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The job market, inflation, and the fed


March 04, 2022

Chief Economist Scott Brown discusses current economic conditions.

In his monetary policy testimony to Congress, Fed Chair Pro Tempore Powell solidified market expectations that the Federal Open Market Committee will raise short-term interest rates by 25 basis points on March 16 (and not by 50). The February employment data were strong. The February Consumer Price Index (report arriving March 10) should continue to show elevated inflation. The FOMC is now expected to raise rates at every policy meeting this year (but will pause when the reduction in the balance sheet begins).

Nonfarm payrolls rose more than expected in February (+678,000), partly reflecting a rebound from Omicron-related constraints in January. The unemployment rate fell to 3.8%, close to where it was before the pandemic (a 3.6% average for 4Q19). Average hourly earnings were flat, but that reflects compositional effects. Job gains were stronger in lower-paying service industries (and in lower-paying positions within other industries). Inflation reduces the purchasing power of wages, but aggregate wage income rose 0.8% in February, up 10.8% from a year ago, consistent with a moderate pace of consumer spending growth.

In arriving at their monetary policy decisions, the FOMC considers a wide range of anecdotal information (in addition to the hard economic reports). The Fed’s Beige Book noted that “widespread strong demand for workers remained hampered by equally widespread reports of worker scarcity.” Prices charged to customers “increased at a robust pace across the nation.” Firms reported an increased ability to pass on higher costs to consumers and “in most cases, demand has remained strong despite price increases.” The FOMC is justified as it takes the foot of the gas pedal, but is far from slamming on the breaks just yet.

The labor market is a lot more flexible than the unemployment rate would suggest. There are many potential workers on the sidelines who could be lured into the workforce if offered a decent job and a good wage. Labor force participation (62.3% in February) remains below its pre-pandemic level (63.3% in 4Q19), but the gap is closing. According to Fed research, most of lower participation at the end of last year was due to retirements, half of which were expected. The rest, excess retirements, partly reflects older workers who were wary of the virus, but the recent data suggest that many of these people are returning.

A big worry is the mindset of higher inflation, which makes it easier for firms to raise prices whether justified by higher costs or not. Price increases have broadened across categories. Corporate profit margins remain wide.

According to Powell, “we continue to expect inflation to decline over the course of the year as supply constraints ease and demand moderates because of the waning effects of fiscal support and the removal of monetary policy accommodation -- but we are attentive to the risks of potential further upward pressure on inflation expectations and inflation itself from a number of factors.” And if inflation doesn’t moderate as anticipated “we would be prepared to move more aggressively by raising more than the normal quarter percentage point.”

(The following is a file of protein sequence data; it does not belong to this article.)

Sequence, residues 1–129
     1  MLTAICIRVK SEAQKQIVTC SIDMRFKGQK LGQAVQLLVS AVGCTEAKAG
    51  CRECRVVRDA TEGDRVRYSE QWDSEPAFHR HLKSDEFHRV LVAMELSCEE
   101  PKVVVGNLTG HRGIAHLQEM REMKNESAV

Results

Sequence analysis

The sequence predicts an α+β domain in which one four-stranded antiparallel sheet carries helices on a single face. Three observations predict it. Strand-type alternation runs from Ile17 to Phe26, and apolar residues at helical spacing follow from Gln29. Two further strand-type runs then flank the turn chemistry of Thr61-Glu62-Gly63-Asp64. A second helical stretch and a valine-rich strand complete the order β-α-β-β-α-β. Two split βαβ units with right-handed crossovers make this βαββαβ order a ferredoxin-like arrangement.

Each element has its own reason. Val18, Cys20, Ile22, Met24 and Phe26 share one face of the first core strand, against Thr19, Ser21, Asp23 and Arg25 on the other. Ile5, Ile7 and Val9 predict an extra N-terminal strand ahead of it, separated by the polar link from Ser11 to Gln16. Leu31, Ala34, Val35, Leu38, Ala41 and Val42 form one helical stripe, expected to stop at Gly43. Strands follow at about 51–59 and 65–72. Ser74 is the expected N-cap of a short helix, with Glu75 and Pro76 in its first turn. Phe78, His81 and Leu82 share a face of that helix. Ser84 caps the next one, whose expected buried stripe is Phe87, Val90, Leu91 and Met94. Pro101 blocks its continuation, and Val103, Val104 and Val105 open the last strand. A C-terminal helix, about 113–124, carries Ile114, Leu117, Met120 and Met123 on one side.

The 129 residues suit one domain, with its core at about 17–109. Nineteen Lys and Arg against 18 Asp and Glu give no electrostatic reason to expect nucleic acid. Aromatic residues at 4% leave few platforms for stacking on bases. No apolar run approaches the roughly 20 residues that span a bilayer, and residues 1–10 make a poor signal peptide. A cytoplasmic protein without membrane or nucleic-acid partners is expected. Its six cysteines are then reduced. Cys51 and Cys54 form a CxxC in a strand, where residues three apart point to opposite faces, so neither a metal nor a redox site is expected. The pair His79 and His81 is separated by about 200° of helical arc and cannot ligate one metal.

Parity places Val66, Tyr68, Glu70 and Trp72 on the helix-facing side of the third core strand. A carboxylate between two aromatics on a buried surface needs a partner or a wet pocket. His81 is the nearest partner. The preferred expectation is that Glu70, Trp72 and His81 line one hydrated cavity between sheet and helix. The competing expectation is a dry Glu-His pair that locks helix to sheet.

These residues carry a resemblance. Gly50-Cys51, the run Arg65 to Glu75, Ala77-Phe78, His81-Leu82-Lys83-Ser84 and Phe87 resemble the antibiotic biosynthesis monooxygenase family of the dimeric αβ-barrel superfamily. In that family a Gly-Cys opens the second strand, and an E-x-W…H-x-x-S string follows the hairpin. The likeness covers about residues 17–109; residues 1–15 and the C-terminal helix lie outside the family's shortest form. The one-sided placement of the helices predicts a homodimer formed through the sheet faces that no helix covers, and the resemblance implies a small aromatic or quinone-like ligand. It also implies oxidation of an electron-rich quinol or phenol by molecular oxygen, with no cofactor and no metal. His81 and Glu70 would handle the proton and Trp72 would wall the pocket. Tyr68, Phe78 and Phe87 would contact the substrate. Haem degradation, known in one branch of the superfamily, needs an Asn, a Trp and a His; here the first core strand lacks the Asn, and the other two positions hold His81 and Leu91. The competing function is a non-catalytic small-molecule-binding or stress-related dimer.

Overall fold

Recent Economic Data

The February Employment Report was strong. Nonfarm payrolls rose by 678,000, a 6.8 million increase over the last 12 months, with broad-based gains across industries. Average hourly earnings were flat (+5.1% y/y), reflecting faster job growth in lower-paying positions (mostly in services). Average hourly earnings for production workers rose 0.3% (+6.7% y/y).

The unemployment rate fell to 3.8% (vs. 4.0% in January and 6.2% a year ago). Labor force participation improved, with some signs that early retirees are returning to the workforce.

Unit motor vehicle sales fell to a 14.1 million seasonally adjusted annual rate in February, from a 15.0 million pace in January (boosted by the seasonal adjustment) and 16.9 million a year ago.

The U.S. merchandise trade deficit widened to another record, $107.6 billion in the advance estimate for January, from $100.5 billion in December. Exports fell 1.8% (+15.3% y/y). Imports rose 1.7% (+19.7% y/y).

The ISM Manufacturing Index rose to 58.6 in February (vs. 57.6 in January). The ISM Services Index fell to

56.5 (from 59.9 in January and 62.3 in December). Both reports indicated strong demand, but with ongoing supply issues (including capacity constraints, delivery delays, and labor shortages).

The opinions offered by Dr. Brown are provided as of the date above and subject to change. For more information about this report – to discuss how this outlook may affect your personal situation and/or to learn how this insight may be incorporated into your investment strategy – please contact your financial advisor or use the convenient Office Locator to find our office(s) nearest you today.

This material is being provided for informational purposes only. Any information should not be deemed a recommendation to buy, hold or sell any security. Certain information has been obtained from third-party sources we consider reliable, but we do not guarantee that such information is accurate or complete. This report is not a complete description of the securities, markets, or developments referred to in this material and does not include all available data necessary for making an investment decision. Prior to making an investment decision, please consult with your financial advisor about your individual situation. Investing involves risk and you may incur a profit or loss regardless of strategy selected. There is no guarantee that the statements, opinions or forecasts provided herein will prove to be correct.


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